Andrew Grice / Jun 2017
Jeremy Corbyn, leader of the UK Labour Party. Photo: Wikimedia Commons
When Theresa May called the UK’s surprise general election, she argued that it was necessary to stop opponents of Brexit jeopardising her preparations at home and the Government’s negotiating position in Europe. Every vote for her would strengthen her hand in the talks, she claimed. A “Brexit election” enabled her ruling Conservative Party to frame a choice between her “strong and stable” leadership with what they claimed was a weak Labour Opposition leader in Jeremy Corbyn.
Yet it has not been a “Brexit election” after all. This is not because the campaign was interrupted by the horrific terrorist attacks at the Manchester Arena and London Bridge. Even before Manchester, the spotlight had turned to public services, the preferred territory of Labour, whose manifesto made a long list of spending promises. After an unhappy campaign marred by her own goal on the funding of social care for the elderly, May returned to Brexit a week before the election to highlight the choice of prime ministers facing the nation.
All along she failed to spell out any new detail of what Brexit would mean. Without that, the media was never going to focus on Brexit for a seven-week campaign. Inevitably, Conservative ministers argued that they could not declare their negotiating hand ahead of the negotiations due to start on 19 June. On some issues their excuse was valid, such as the UK’s divorce settlement, which could provide an early stumbling block in the talks. But the Tories could have said more about the system of EU migration after Brexit – such as when free movement would end and whether EU citizens would have preferential access to the labour market. Similarly, there was no discussion of a transition deal to prevent a “cliff edge” when the UK leaves in March 2019.
The Tory manifesto dodged the question of a continuing role for the European Court of Justice (ECJ), leaving wide open how trade, regulations, policing and justice and citizens’ rights would be overseen after Brexit. The contrast between the more transparent approach by the EU over its negotiating mandate is marked.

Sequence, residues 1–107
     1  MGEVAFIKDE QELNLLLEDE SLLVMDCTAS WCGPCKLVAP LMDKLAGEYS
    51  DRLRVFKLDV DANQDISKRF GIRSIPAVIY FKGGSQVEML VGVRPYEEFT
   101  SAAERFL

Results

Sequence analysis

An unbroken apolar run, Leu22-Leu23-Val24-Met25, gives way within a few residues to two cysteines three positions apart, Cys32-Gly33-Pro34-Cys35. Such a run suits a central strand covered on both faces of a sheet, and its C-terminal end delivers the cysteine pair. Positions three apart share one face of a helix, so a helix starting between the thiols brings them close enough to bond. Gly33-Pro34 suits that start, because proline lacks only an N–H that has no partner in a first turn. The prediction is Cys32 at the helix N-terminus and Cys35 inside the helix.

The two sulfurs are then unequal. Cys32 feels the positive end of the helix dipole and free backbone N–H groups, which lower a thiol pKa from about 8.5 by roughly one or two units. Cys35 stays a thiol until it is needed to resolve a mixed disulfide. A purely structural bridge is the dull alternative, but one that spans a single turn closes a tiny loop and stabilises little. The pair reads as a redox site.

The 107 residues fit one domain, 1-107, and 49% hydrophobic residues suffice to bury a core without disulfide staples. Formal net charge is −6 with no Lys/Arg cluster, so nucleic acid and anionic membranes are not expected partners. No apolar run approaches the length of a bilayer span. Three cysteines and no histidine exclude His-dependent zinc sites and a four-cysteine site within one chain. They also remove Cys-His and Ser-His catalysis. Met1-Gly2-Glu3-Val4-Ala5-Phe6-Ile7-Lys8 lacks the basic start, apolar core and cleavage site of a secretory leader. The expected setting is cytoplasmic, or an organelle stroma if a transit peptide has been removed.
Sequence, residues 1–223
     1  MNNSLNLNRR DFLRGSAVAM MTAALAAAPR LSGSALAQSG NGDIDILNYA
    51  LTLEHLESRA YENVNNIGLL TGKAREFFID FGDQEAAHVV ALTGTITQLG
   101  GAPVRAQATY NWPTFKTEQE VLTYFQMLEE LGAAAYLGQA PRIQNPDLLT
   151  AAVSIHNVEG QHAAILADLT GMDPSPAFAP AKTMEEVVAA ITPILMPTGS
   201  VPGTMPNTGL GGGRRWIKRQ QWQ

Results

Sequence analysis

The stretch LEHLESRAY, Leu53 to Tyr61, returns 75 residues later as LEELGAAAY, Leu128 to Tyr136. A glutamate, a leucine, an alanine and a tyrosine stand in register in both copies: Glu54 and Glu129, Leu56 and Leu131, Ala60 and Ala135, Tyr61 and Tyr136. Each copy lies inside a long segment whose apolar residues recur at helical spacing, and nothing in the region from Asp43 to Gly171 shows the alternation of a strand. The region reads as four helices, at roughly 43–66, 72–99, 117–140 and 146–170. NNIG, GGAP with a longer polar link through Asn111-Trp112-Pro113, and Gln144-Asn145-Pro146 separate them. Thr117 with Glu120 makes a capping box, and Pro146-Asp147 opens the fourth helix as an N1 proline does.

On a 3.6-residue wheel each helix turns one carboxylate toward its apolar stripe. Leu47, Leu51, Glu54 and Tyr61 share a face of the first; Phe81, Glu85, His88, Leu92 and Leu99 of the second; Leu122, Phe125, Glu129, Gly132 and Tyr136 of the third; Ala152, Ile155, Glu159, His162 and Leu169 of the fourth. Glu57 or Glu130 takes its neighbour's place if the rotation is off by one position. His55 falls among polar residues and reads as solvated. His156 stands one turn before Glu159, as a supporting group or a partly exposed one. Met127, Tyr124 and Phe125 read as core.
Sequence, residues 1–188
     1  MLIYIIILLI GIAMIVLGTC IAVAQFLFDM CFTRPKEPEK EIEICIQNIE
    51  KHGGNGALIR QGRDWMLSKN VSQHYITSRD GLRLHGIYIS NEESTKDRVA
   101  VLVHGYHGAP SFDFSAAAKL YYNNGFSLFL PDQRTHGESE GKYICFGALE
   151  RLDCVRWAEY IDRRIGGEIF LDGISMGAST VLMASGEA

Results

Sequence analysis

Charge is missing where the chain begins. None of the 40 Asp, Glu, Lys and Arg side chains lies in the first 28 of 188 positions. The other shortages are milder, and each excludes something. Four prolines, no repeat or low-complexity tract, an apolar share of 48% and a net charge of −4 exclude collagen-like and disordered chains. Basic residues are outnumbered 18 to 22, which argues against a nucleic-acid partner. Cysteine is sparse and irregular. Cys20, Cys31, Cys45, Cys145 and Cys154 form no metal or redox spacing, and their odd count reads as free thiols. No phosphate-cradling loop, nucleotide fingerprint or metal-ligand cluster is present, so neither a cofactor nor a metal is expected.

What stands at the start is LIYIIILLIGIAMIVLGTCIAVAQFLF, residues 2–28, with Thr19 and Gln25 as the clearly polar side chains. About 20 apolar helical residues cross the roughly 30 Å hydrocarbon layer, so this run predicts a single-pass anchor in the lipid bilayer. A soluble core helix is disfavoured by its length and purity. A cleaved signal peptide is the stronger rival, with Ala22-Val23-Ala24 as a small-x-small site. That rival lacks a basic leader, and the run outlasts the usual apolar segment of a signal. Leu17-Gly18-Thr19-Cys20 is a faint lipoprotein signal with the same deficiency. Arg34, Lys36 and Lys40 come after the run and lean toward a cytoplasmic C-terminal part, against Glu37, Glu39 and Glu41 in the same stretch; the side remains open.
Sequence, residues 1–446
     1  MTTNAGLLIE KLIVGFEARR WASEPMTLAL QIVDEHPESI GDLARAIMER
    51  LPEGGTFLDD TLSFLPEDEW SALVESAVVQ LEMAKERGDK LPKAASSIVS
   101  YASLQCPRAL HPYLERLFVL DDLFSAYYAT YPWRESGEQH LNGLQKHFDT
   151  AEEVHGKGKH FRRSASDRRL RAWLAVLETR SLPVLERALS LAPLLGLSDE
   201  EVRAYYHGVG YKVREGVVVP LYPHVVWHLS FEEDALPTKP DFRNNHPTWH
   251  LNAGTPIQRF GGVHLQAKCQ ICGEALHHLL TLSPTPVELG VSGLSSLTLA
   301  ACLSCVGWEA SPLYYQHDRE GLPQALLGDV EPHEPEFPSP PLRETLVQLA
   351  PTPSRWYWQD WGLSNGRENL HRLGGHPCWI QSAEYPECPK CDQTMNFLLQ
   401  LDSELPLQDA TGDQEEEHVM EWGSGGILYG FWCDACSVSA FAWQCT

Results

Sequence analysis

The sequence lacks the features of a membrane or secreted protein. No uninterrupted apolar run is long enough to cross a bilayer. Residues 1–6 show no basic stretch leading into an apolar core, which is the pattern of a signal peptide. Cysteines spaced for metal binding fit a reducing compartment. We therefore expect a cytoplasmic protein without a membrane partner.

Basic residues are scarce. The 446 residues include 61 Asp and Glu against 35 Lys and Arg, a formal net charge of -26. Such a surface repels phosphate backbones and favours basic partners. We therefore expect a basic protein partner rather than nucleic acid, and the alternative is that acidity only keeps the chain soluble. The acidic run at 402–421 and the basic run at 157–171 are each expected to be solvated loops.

The only substantive difference between the Tories and Labour is that May insists that “no deal is better than a bad deal” --without explaining why or addressing the potentially damaging consequences of WTO tariffs and non-tariff barriers—while Labour rejects “no deal” as the worst possible option.
There is a contradiction in Labour’s stance: the party accepts that free movement will end but wants to retain the benefits of the single market. Labour has been more explicit than the Tories on EU migration, saying that EU citizens would be able to enter Britain if they had a job offer. It would immediately guarantee the rights of the three million EU citizens in the UK and would consider a role for the ECJ in trade disputes, but not in upholding citizens’ rights as the EU wants.
The Liberal Democrats, traditionally the UK’s third party, have failed to make progress in appealing to the 48 per cent who voted Remain in last year’s referendum. They offered a second referendum on the exit deal but remained stuck at around 8 per cent in the opinion polls.
By keeping her plans vague, May in effect invited people to confirm the referendum result. Indeed, a YouGov survey suggested that the new divide is between Hard Leavers (45 per cent) plus former Remainers dubbed Re-Leavers (23 per cent), making a total of 68 per cent for Brexit, and a group of only 22 per cent, the Hard Remainers, who want to stop Brexit.
The lion’s share of the votes will be won by the two main parties, both committed to Brexit. Pro-European politicians in the UK, including Tony Blair, still hope that people will have second thoughts when the hard reality of Brexit bites. But if that happens, it will probably be too late. One message from the election is that many voters have already “moved on” from the referendum. Although we are none the wiser about what form Brexit will take, there is no turning back now.